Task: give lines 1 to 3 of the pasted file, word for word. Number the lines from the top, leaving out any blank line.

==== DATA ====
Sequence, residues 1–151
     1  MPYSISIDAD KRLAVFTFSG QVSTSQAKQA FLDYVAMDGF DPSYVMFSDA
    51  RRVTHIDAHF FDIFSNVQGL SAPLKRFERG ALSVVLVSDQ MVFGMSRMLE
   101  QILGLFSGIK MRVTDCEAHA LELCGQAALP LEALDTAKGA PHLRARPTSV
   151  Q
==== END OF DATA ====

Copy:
Sequence, residues 1–151
     1  MPYSISIDAD KRLAVFTFSG QVSTSQAKQA FLDYVAMDGF DPSYVMFSDA
    51  RRVTHIDAHF FDIFSNVQGL SAPLKRFERG ALSVVLVSDQ MVFGMSRMLE